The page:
Feared suspected underworld bosses accused of killing “steroid king” Brian Weinstein are now facing a range of charges ranging from gang crimes and intimidation to attempted murder.
Mark Lifman, alleged gang leader of the Sexy Boys Jerome “Donkie” Booysen, Andre Naude and several others appeared in the Cape Town District Court on Wednesday, where charges were handed over to them.
Lifman, Booysen and the alleged “27” – Gang leader William “Red” Stevens were arrested December – in connection with Weinstein’s murder – and were released on bail of R100,000 each. Stevens was murdered in front of his house in Kraaifontein in February.
Naude, Sam Farquharson, Jakobus Stevens, Egan Norman, Wayne Henderson, Anthony van der Watt, Ricardo Maarman, Typheyenne Jantjies, Bevan Ezaus, Bradley de Bula, Kashief Hanslo, Rowendal Stevens and Ismail Cupido have since joined Lifman and Booysen in the dock.
Weinstein was shot dead in his upscale Constantia home in August 2017. According to the state, Wainstein’s murder was funded by Lifman. They then benefited from the illegal steroid business that continued after Wainstein’s death.
On Wednesday, the defendants were handed a lengthy indictment on the state’s case against them. The state accuses them all of participating in a criminal gang between April 2017 and November 2017.
Lifman and Booysen are charged with Weinstein’s murder.
“The accused are guilty of the crime of murder … on or about August 18, 2017 and on or near 29 Horne Avenue, Constantia, Wynberg District, the defendant Brian Weinstein, a male, unlawfully and deliberately killed and / or killed with common intentions, by shooting him, ”the indictment reads.
Booysen is also accused of money laundering. The state claims to have received 20,000 R2 between August 19, 2017 and November 25, 2017 that it “knew or should have known was or is the proceeds of the illegal activities of another person”. < / p>
Lifman and Naude are accused of inciting murder. According to the indictment, they wanted alleged underworld chief Nafiz Modack, Booysens’ brother Colin, Jacque Cronje, Carl Lakay, Ashley Fields, Emile Goodley and James Dalton, who were killed in November 2017.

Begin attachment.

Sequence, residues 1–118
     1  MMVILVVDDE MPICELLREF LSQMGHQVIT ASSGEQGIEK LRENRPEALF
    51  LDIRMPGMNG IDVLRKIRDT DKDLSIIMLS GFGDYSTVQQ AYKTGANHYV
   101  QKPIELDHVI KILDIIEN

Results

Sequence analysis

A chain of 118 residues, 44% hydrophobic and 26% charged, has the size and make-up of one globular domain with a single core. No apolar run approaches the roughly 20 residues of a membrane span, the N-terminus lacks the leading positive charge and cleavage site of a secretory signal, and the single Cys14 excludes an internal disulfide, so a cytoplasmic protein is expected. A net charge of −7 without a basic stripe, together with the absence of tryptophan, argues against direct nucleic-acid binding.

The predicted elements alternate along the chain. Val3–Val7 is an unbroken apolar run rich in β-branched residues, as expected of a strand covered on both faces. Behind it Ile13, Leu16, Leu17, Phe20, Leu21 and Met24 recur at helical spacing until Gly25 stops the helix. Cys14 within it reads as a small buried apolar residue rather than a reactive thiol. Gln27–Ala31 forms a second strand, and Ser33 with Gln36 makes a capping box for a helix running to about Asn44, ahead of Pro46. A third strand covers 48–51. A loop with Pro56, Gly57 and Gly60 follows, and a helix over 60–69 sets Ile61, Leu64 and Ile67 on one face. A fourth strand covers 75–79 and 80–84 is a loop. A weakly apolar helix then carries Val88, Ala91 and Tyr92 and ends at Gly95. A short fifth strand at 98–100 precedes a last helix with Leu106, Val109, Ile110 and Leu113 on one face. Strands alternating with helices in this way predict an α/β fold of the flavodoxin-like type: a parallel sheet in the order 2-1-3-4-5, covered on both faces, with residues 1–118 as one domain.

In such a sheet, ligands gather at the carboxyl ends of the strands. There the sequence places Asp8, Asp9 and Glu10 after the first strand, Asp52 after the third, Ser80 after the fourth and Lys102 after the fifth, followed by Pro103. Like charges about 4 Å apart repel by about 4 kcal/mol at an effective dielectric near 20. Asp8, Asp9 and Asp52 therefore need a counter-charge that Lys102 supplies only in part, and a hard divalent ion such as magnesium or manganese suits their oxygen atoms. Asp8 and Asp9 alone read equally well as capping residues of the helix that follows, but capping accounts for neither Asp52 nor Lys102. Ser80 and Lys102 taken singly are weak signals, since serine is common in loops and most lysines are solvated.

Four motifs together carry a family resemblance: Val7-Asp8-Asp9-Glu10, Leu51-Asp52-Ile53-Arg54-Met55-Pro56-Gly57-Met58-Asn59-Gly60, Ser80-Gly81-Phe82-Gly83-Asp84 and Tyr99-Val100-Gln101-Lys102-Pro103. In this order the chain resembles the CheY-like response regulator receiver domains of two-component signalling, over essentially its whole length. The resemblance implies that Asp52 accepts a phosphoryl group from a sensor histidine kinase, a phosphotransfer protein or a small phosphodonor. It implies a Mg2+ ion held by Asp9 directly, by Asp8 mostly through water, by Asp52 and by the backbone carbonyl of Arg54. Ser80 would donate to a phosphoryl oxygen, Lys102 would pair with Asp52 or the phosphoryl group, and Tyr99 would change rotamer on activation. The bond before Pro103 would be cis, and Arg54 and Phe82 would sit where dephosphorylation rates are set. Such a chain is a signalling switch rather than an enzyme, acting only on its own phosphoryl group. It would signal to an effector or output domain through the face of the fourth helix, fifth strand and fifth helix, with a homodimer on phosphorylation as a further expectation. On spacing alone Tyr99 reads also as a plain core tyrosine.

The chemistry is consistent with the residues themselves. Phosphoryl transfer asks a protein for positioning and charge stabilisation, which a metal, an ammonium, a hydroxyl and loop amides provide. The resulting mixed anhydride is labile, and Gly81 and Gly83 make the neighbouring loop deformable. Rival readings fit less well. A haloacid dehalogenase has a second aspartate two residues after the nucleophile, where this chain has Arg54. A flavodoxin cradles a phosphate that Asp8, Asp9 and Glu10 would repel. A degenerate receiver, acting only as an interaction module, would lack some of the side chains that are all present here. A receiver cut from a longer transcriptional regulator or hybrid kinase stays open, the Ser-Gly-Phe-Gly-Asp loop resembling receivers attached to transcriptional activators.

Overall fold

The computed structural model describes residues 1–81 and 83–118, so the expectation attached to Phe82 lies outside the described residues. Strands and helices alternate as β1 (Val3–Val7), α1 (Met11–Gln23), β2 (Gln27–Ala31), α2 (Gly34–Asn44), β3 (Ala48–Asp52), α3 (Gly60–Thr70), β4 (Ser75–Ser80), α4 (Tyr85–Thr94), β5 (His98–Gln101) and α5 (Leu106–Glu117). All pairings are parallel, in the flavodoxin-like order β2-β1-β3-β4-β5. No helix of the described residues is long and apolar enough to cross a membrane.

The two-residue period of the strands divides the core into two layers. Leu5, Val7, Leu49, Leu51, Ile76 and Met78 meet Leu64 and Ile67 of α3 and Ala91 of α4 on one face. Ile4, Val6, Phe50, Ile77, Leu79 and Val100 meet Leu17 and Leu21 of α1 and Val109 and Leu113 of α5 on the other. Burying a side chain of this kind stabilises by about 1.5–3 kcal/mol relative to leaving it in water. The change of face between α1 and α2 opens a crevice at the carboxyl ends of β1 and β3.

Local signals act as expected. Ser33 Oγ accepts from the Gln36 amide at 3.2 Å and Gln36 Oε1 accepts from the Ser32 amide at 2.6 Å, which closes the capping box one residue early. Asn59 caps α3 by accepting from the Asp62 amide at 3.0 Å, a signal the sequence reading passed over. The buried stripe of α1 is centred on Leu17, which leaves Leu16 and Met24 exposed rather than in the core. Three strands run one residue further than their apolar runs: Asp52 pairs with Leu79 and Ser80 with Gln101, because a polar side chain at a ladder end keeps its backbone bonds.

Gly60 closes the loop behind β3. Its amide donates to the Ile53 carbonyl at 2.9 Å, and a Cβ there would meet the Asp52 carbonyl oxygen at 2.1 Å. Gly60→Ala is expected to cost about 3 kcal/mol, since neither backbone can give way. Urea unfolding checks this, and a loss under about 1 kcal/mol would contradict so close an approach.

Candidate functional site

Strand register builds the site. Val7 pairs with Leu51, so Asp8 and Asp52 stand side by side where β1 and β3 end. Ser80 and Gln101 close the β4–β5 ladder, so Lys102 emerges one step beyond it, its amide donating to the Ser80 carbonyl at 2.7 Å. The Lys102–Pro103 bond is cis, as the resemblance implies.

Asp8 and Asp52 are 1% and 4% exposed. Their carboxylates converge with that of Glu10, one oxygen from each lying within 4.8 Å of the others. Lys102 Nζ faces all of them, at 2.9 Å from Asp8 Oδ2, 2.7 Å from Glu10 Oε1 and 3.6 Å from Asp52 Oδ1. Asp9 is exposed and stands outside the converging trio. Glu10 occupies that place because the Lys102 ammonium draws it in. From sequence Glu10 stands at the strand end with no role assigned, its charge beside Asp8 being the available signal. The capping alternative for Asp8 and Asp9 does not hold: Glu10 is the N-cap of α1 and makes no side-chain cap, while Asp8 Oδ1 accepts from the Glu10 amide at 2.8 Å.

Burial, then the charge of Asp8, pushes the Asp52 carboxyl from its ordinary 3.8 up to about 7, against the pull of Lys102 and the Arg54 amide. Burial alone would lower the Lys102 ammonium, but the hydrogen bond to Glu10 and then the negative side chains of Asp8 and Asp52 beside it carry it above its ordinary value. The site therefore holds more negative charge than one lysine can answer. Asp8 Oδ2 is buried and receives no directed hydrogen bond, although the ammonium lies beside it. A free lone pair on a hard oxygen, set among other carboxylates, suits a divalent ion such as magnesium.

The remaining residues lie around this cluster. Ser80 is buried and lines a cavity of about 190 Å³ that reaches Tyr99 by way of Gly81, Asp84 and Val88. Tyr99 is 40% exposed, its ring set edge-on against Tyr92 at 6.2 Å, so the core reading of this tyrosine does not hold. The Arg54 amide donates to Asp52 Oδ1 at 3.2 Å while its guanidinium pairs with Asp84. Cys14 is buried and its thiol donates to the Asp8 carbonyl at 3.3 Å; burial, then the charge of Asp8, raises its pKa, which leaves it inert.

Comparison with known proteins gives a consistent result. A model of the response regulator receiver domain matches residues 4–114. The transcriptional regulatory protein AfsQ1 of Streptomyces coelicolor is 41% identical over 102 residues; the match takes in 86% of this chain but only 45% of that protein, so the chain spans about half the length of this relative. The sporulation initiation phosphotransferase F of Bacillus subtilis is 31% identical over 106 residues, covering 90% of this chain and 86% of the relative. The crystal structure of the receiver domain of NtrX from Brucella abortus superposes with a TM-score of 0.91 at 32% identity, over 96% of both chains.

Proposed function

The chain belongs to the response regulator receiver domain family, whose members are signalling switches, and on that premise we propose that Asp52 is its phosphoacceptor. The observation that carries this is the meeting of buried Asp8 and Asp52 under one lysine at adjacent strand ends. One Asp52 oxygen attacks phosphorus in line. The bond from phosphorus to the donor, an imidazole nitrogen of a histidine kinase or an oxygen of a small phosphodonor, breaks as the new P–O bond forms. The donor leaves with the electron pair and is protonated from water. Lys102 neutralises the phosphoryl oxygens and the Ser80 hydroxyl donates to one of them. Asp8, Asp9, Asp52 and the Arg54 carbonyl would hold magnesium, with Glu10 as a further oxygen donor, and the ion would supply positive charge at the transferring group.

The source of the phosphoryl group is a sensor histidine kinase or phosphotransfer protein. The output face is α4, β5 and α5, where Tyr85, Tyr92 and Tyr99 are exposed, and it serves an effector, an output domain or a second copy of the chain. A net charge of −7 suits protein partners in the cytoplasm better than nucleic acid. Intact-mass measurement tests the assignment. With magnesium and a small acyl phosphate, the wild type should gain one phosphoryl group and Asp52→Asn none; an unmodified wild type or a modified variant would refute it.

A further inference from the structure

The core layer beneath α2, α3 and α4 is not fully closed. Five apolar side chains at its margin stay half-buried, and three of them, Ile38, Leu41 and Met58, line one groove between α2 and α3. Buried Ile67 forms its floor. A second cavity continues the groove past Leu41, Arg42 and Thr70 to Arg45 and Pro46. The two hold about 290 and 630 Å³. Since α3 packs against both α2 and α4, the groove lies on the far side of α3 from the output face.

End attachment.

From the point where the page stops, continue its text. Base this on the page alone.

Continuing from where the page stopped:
The indictment stated that State Killed Says The “27” Gang Deal In Drugs And “Violent Criminal Activity”.
“William Stevens … a former defendant, recently shot dead, was the chief executive of the” 27 ” Tape”. The indictment reads:
“He and Marawaan Desai (shot dead in 2017) and (Lifman, Booysen and Van der Watt) … participated in a pattern of criminal gang activity between April and November 2017.
< p> “Over the course of 2016, a group of [Lifman, Booysen, Naude] and Colin Booysen, who referred to themselves as the ‘Brotherhood’, had established themselves as the dominant group overseeing the security of the nightclub and entertainment venue ‘bouncers ‘Industry in Cape Town.
“On November 27, 2016, an argument took place between Colin Booysen and Kishor Naidoo in the Coco Bar, where guns were swinging. Colin Booysen complained that Naidoo was the Hotlanders or brought the 27-strong gang into the club, including [Stevens], and blamed [Booysen] for the problem. ”On November 27, 2016, another argument between Naidoo and Colin took place over the Bar. Four people, represent under Colin’s bodyguard, were injured. According to the indictment, this caused friction within the “brotherhood”.
“[Naude] was commissioned to negotiate the separation of Colin Booysen from the group that was closed in November 2016,” the indictment states / p> < p> “In 2016, Naidoo (a refugee wanted on an international arrest warrant), a member of the 27 gangs (a close) collaborator (of) William Stevens and a close friend of [Booysen], began to tense between the groups on March 29, 2017, when [Lifman and Naude] took part in an auction on the islands in Parow. [Booysen] voiced concern that Colin Booysen was allies of Nafiz Modack and Waseem Chaudry and although he couldn’t kill his brother, he would take action against Modack and Chaudry. This group then began to take over security in entertainment venues and clubs controlled by the older group. “
According to the indictment, a week after the auction incident, a meeting was held at Stevens’ in Kraaifontein to discuss the” takeover by the new group “. The meeting was attended by Watt, Desai and Naidoo, among others.